Modes of Being Out of the World
Sara Guyer Reading with John Clare: Biopoetics, Sovereignty, Romanticism explores the poetics of homelessness. It takes on an existential character. For example, about the poem “I am” she references Bridget Keegan
Bridget Keegan reads the end of this poem as aiming for the possibility of experiencing the “world without us” in “The World Without Us: Romanticism, Environmentalism, and Imagining Nature,” in A Companion to Romantic Poetry ed . Charles Mahoney (Malden, Mass.: Wiley-Blackwell, 2010), 554-68.
I juxtapose this with a performance by The Four Horseman [bp Nichol, Steve McCaffery, Paul Dutton, and Rafael Barreto-Rivera.] who use lines from this Clare poem in counterpoint to a Spanish/English line (“My shoes are dead, oh microphone”). A recording of the Four Horseman is on the Canadada album, digitally available from the Penn Sound archive, see Matthew’s Line.
Stephen Scobie in relating the The Four Horseman performance situates the poem as less about imagining a world without humans [Keegan] and more as a sad poem about isolation (its author being confined to an asylum). He interprets as he quotes in bpNicol: What History Teaches:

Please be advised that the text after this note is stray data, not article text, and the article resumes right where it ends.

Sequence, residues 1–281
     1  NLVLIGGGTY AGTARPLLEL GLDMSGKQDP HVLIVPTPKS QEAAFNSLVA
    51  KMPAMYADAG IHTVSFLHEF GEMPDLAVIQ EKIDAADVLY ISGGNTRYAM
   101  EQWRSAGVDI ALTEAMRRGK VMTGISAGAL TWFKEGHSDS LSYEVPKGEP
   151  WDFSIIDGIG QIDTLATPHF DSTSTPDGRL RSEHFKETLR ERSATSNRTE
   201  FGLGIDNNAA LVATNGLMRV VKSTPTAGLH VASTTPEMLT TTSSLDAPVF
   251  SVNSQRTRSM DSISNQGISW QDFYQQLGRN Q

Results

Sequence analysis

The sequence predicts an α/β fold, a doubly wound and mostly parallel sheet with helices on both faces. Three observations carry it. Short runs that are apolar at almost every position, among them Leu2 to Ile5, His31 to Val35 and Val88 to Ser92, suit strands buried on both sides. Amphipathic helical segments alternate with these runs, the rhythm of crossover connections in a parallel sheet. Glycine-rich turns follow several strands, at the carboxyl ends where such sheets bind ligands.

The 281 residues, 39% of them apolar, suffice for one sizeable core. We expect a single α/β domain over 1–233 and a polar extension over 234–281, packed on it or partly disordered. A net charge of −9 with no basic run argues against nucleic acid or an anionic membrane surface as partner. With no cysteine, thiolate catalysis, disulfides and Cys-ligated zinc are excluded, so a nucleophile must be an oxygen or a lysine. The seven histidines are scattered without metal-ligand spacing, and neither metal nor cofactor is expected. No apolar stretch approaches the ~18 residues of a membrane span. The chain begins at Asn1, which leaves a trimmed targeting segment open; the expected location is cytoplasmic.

The poem speaks pathetically of Clare’s sense of despair, abandonment, and isolation, both within the physical asylum and within his increasing insanity:
I am: yet what I am none cares or knows
My friends forsake me like a memory lost,
I am the self-consumer of my woes
The poem then moves to Clare’s longing for escape, even if only through death:
I long for scenes, where man hath never trod
A place where woman never smiled or wept —
There to abide with my Creator, God,
And sleep as I in childhood sweetly slept,
Untroubling, and untroubled where I lie,
The grass below — above the vaulted sky.
Out of context, the poem is a fine example of the Romantic desire for transcendence into a pantheistic unity of Nature; in the context of Clare’s life, it points to the fineness of the dividing line between extreme Romantic sensitivity, the solitary genius of the poet and clinical insanity.
Here I turn again to Sara Guyer who like The Four Horseman in a sense makes John Clare strange. This she does in part by resisting the mad poet reading and insisting on the dash (“‘untroubled,’ unmoved, stable, blank, or flat like a dash, despite the catastrophe everywhere around him”). She also in her concluding chapter juxtaposes the poetry of Clare with the condition of abandoned houses in Detroit. A picture of one graces the cover the book.
What a clear way of bringing the poet back in the world and avoiding transcendence.
And so for day 1973